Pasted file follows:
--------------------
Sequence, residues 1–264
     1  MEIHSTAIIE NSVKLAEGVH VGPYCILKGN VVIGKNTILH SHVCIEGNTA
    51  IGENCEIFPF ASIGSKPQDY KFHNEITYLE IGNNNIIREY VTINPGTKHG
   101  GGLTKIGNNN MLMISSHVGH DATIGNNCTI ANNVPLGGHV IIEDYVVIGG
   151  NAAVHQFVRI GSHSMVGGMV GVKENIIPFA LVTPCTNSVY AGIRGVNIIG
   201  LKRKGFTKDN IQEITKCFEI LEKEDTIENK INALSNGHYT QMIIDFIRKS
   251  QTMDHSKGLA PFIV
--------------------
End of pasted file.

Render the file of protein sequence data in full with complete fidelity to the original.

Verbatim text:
Sequence, residues 1–264
     1  MEIHSTAIIE NSVKLAEGVH VGPYCILKGN VVIGKNTILH SHVCIEGNTA
    51  IGENCEIFPF ASIGSKPQDY KFHNEITYLE IGNNNIIREY VTINPGTKHG
   101  GGLTKIGNNN MLMISSHVGH DATIGNNCTI ANNVPLGGHV IIEDYVVIGG
   151  NAAVHQFVRI GSHSMVGGMV GVKENIIPFA LVTPCTNSVY AGIRGVNIIG
   201  LKRKGFTKDN IQEITKCFEI LEKEDTIENK INALSNGHYT QMIIDFIRKS
   251  QTMDHSKGLA PFIV